Tolls will go up on the Maine Turnpike starting Nov. 1. Last week, the Maine Turnpike Authority Board unanimously approved a plan to raise an additional $21.14 million in toll revenue to continue a 30-year plan to maintain and rehabilitate the Turnpike's network of bridges, interchanges and pavement and well as pay off existing debt.

The full-length cash trip from York to Augusta will increase from $5 to $7 for passenger cars, while the most-common cash toll for a standard five-axle commercial truck (Class 5) will rise from $20 to $28.

Trucks will continue to pay four times the rate of passenger vehicles. An earlier proposal would have bumped that to 4.25 times, adding an estimated $2 million a year in costs to the state's trucking industry.

The increase will be applied to all vehicle classes. Even after a toll adjustment the Turnpike will remain among the lowest priced toll roads in the U.S, according to Turnpike officials.

Officials also note that they agreed to hold constant the Commercial Vehicle Multiplier and allow commercial rates to rise only in proportion to base rates. The current discount system for commercial users will be preserved.

In addition, to reduce the rate hike, they've cut the operating budget for 2013 by more than 11% and plan to cut another 4% from 2014. A number of projects have been postponed.

According to published reports, the president of the Maine Motor Transport Association said he was confident that the toll increase was necessary.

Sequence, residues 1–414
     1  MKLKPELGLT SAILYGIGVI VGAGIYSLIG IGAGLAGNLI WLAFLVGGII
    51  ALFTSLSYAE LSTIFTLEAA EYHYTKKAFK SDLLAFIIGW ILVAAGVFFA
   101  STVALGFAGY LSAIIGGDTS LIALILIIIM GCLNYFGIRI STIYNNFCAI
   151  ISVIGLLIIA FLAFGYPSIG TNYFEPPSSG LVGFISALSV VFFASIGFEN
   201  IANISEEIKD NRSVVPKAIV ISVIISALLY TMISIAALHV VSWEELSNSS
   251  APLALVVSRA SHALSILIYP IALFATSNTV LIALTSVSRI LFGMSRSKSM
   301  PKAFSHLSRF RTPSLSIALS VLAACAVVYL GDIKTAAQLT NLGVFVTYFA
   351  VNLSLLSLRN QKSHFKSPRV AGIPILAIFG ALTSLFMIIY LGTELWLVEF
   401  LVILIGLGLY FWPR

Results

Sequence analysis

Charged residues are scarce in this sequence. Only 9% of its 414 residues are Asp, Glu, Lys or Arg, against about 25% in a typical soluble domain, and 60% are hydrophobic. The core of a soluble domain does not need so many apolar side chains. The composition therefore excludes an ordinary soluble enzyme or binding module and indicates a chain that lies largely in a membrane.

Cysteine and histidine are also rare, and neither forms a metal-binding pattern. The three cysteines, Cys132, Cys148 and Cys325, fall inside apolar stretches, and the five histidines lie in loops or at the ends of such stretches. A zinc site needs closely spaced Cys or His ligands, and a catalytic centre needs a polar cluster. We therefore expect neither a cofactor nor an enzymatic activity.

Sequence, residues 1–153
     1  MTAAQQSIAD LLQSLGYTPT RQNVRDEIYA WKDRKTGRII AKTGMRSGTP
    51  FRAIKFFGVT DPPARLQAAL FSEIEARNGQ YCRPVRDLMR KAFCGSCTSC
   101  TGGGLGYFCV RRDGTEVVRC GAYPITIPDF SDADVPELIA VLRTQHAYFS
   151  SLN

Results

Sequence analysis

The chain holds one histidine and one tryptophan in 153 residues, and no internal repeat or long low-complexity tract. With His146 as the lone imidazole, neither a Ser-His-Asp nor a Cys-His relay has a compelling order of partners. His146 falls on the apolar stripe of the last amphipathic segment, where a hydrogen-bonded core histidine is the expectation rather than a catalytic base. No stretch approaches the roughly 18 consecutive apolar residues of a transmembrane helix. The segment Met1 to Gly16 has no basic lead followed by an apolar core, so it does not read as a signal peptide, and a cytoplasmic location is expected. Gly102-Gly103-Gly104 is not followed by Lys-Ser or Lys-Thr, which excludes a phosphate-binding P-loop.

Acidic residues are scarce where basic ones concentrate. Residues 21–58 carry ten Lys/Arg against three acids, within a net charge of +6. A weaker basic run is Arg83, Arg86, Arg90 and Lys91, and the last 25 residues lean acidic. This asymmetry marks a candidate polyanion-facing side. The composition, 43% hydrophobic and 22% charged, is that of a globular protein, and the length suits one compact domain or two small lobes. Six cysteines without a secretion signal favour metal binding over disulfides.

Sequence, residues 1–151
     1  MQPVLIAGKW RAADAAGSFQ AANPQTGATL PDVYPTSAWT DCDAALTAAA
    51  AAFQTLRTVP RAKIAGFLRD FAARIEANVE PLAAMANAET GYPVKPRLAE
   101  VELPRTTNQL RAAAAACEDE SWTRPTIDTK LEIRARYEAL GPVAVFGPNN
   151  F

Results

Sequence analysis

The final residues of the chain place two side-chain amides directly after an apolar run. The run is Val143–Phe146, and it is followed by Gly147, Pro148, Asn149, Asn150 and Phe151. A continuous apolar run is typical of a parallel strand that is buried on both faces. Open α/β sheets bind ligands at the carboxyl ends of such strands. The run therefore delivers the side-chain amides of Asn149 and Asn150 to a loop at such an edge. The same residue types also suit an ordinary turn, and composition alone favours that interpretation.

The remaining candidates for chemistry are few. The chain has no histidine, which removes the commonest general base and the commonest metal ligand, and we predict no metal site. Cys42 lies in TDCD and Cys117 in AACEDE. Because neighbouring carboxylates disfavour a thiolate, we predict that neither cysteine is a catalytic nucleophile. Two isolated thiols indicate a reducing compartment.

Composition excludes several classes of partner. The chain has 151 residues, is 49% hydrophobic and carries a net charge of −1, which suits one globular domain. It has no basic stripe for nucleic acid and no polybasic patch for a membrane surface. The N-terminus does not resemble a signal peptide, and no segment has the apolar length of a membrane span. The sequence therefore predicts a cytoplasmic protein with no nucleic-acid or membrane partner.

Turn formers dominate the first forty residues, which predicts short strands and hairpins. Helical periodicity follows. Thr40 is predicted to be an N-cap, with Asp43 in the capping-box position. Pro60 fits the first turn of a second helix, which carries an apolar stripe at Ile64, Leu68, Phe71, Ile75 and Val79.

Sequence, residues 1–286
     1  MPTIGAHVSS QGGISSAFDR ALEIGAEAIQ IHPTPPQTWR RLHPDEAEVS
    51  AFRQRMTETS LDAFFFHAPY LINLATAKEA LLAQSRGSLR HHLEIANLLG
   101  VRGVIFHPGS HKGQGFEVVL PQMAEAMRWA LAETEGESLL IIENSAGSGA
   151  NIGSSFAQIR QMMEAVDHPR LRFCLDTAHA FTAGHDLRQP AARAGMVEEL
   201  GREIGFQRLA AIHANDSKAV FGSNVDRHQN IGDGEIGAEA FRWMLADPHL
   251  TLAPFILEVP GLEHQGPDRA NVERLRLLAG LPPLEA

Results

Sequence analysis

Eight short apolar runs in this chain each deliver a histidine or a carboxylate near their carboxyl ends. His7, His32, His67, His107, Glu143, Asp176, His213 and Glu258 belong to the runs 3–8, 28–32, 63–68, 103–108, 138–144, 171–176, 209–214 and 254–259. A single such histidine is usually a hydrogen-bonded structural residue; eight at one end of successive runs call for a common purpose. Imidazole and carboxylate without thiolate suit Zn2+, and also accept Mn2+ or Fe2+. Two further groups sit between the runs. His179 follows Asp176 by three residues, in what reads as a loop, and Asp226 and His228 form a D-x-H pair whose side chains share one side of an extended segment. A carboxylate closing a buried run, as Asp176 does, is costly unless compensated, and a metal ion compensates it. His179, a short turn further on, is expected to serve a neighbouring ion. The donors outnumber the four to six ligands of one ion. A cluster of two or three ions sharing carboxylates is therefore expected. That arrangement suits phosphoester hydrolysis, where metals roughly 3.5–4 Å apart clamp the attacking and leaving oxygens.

However, the Owner-Operator Independent Drivers Association believes that with these toll charges they are being doubly taxed since they pay a tax on fuel. The group believes they should receive tax credits to pay for the fuel their trucks use while on the Maine Turnpike.

OOIDA issued a call to action on Aug. 6, calling on truckers in Maine to voice their concerns. Under the plan, the current $20 cash toll from Kittery to Augusta would increase to $29.75. That would make the trip 31.5 cents per mile for commercial vehicles.

The board decide to only increase the base rates on E-ZPasses by 1 cent more per mile traveled. Commercial E-ZPass customers are subject to that four-times multiplier. More than 80% of commercial vehicles pay by E-ZPass, about half through transponders issued by other states and about half issued by Maine.

During the next five years, revenue will enable the MTA to conduct $113 million in bridge repairs and rehabilitation and provide $82 million for turnpike paving and interchange improvements. The MTA will also apply $192 million to debt service between 2013 and 2017.